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Commuters big fans of e-bike revolution

What's more economical than an electric car? An electric bicycle, of course. With prices starting at $1,995, e-bicycles have become a popular choice for a number of Victorians. Like an EV, the bicycles have a battery.

What's more economical than an electric car? An electric bicycle, of course. With prices starting at $1,995, e-bicycles have become a popular choice for a number of Victorians.

Like an EV, the bicycles have a battery. The 10-amp battery is good for 15 to 20 kilometres on full-electric operation (how much range depends on the weight of the operator, weather and terrain). But if the operator does some of the pedalling, an e-bike can last as much as 60 kilometres between charges.

"They are extremely popular for commuting," says Sean Voigt, general manager of Scooter Underground, which has been selling e-bikes since the business started in 2007. "They are cost-effective and appeal to environmentally conscious people."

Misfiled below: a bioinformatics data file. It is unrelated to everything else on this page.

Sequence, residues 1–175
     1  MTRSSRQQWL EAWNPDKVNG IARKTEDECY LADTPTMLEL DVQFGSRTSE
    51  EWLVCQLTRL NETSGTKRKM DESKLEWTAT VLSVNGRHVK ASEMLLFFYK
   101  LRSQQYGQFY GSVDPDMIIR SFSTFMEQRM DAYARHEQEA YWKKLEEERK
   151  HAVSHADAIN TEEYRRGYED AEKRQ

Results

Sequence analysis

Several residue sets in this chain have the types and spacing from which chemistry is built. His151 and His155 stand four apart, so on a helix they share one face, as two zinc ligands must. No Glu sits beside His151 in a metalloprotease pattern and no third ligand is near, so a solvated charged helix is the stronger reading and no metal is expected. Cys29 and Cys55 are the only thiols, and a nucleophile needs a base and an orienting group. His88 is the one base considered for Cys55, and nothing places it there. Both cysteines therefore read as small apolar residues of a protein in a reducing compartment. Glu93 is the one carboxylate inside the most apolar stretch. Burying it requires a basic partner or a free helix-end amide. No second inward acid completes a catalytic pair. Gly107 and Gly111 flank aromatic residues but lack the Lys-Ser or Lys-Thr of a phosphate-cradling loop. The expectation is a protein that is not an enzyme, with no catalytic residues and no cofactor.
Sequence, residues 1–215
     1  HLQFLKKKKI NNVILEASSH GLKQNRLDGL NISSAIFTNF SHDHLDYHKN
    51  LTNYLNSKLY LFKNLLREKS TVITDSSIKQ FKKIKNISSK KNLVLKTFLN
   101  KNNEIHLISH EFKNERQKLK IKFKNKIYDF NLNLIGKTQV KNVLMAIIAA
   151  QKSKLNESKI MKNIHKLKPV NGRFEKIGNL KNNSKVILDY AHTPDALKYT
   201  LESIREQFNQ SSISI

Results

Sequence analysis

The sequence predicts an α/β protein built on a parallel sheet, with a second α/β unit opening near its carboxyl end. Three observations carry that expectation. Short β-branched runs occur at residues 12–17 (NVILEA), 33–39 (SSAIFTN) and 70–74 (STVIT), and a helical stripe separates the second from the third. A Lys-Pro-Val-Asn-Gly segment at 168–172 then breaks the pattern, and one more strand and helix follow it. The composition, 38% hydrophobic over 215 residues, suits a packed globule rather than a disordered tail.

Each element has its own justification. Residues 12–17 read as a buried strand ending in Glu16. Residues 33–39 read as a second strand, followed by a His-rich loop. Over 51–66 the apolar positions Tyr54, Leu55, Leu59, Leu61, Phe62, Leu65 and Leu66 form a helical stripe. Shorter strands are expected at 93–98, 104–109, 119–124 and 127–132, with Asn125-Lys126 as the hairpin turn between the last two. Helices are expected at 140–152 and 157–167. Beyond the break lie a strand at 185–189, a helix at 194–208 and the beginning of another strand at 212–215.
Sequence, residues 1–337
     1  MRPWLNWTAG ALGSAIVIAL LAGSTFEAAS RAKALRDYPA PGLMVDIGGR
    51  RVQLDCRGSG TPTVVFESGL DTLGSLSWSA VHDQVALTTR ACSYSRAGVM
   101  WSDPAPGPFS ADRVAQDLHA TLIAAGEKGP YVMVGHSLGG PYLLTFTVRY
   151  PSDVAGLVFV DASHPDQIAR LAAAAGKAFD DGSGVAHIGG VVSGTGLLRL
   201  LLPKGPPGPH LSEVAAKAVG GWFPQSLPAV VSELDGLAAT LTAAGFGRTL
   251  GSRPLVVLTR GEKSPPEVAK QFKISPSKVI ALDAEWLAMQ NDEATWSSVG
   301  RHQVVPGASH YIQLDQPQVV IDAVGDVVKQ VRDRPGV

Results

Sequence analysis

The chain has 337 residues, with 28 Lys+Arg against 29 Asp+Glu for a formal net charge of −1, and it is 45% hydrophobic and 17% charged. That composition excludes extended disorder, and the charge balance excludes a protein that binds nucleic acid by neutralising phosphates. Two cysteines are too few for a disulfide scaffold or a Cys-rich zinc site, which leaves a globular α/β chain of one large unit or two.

Although the company also sells gas scooters, Voigt says e-bikes are more popular because they don't require the added cost of licensing, insurance, gas and parking. The last point is important for in-town users, as there are properties with free parking for bicycles.

E-bike riders can also use their vehicles on the popular Galloping Goose trail, which is closed to other forms of powered transportation.

Bicycles with newer lithiumpolymer batteries typically take five to seven hours to fully charge. They simply plug in to a regular household outlet.

The eZee brand of e-bike that Voigt sells even has a removable battery so owners can bring the battery into a house to charge. This is also an advantage when the battery needs to be eventually replaced, which he estimates is after 800 to 1,000 charging cycles, or about four years of use.

The replacement cost is currently $599.

The eZee is only one of many electric bikes on the market. Consumers also have another option - they can build their own.

"We had a pair of custom e-bikes built for us last year," says Gary Kangas. "We use them to go to the mall in the West Shore to shop. My wife Sybil and I have ridden them over 700 kilometres since last spring."

There are conversion kits (about $1,280) that will convert a regular bicycle into an electric bicycle. People can do their own work or have a company do it for them. Voigt warns that people should pick a bicycle with a sturdy frame, as the kit adds 7.35 kg to a regular bike.

Although there are many different bikes to choose from, Voigt has a word of advice against choosing bikes with older lead-acid batteries.

"Although they are cheaper, you just end up pulling extra weight with those older batteries."

parrais@timescolonist.com